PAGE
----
At last week’s candidate forum at the Bolton Senior Center, Board of Selectmen candidate Nicole Sullivan shared what brought her family to Bolton and how she’ll draw on her professional experience as an engineer to help make Bolton better.
Recently, questions have been raised about the current Town administration’s handling of Bolton’s application to the State for reimbursement of eligible costs of the Bolton High School renovation project. This post is an attempt to give voters some information about this issue.
Unfortunately, what little has been put out by the Republican leadership has been misleading at best and has done little to increase our understanding of what went wrong, what the consequences have been, or what consequences the Town might still face.
In fact, we might not have known anything about this problem if a group of concerned citizens had not shown up at the March 7, 2017, Board of Selectmen (BOS) meeting to ask pointed questions of the First Selectman and the Town Administrator (read the minutes here).
When the BHS project was approved by referendum, the voters anticipated that the Town would be able to take advantage of State reimbursement funds available for school renovation. A State grant was sought and obtained to partially fund the project.
However, State funds are not paid up front—they are paid in the form of periodic progress payments to reimburse a percentage of eligible costs, with a “hold back” of 5% that is paid, if at all, after the Town makes a final submission of project costs and documentation and the State completes a final audit of the project.
Pending reimbursement by the State, the Town funded the project by borrowing some of the money and by taking some from the Town’s fund surplus or “rainy day fund.” (The administration has referred to this as the “Town borrowing from itself.”)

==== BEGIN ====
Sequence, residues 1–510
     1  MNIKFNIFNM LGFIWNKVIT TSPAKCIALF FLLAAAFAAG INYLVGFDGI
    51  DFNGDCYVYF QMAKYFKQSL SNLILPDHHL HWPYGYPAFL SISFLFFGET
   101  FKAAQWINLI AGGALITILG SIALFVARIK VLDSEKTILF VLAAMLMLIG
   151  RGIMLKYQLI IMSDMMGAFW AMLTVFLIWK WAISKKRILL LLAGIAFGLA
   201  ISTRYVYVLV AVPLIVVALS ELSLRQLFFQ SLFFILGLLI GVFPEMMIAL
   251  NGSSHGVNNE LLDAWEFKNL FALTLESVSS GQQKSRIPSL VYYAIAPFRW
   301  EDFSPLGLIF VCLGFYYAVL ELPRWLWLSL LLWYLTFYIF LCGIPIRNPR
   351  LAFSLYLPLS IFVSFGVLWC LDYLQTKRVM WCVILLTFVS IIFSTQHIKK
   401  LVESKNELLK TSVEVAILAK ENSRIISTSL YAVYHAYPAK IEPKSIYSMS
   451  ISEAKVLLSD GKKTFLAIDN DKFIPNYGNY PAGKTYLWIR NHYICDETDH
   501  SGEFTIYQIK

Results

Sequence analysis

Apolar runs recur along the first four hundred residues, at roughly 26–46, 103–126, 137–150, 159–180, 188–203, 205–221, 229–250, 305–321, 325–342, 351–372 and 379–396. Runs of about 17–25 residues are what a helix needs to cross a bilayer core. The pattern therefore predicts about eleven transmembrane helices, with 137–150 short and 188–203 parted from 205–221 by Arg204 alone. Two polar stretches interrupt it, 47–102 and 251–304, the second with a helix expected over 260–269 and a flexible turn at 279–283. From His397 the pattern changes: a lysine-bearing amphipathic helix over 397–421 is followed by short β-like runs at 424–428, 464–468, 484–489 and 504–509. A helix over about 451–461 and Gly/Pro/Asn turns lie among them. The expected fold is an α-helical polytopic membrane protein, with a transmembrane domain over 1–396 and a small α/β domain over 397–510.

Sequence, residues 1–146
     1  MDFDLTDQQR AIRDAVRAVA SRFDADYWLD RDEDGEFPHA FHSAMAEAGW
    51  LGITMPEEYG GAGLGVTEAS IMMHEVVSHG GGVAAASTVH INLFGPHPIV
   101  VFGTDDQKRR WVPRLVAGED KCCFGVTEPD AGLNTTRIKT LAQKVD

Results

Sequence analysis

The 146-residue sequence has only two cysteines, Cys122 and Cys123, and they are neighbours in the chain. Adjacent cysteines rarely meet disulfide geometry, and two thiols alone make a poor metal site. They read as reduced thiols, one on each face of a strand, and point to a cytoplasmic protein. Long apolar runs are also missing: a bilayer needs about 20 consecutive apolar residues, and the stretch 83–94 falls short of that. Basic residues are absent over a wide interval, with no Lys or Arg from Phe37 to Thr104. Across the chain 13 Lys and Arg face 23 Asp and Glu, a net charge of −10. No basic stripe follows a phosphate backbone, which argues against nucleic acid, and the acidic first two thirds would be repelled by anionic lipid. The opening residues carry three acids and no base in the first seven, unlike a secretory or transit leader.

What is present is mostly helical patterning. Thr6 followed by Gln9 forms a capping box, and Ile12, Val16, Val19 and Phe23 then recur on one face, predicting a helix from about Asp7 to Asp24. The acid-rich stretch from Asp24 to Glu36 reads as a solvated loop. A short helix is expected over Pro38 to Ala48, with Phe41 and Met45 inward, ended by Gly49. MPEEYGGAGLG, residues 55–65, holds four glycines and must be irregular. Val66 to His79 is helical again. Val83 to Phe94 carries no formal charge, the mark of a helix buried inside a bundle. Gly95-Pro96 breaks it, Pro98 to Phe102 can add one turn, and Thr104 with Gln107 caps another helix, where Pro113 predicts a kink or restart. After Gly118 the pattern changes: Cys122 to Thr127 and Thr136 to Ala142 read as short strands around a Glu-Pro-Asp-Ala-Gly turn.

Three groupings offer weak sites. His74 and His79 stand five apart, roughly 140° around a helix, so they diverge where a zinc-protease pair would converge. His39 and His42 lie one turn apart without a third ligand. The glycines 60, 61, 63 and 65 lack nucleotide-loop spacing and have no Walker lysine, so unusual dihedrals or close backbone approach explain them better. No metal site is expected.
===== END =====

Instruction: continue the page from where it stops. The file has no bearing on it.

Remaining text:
We should realize, however, that when money is taken from a surplus fund, the town loses interest income: Money that’s not there doesn’t generate interest, and the lowered fund balance could eventually effect our bond rating if the money is not replaced.
Please take few minutes to watch Kim Miller’s presentation at last week’s candidate forum at the Bolton Senior Center.
On October 26, the candidates for First Selectman and the Boards of Selectmen, Education, and Finance participated in a candidate forum at the Bolton Senior Center. Our thanks to the Senior Center for hosting the event and to the residents who came out to hear from the candidates.
Here’s the talk Board of Finance candidate Eric Bevans gave. His is a newer face in town, so please take just a few minutes to get to know him better!
This Saturday, poet, journalist, activist, and Bolton resident Bessy Reyna will be honored at a gala ceremony for the 2017 class of inductees to the Immigrant Heritage Hall of Fame (IHHF). The gala takes place at CCSU in New Britain. Tickets for the event are available here.
The IHHF “Celebrates the diverse ethnic heritage of our state by honoring individuals and institutions, who exemplify the best of their immigrant heritage and have made outstanding contributions to the cultural, economic, and civic development of the state.”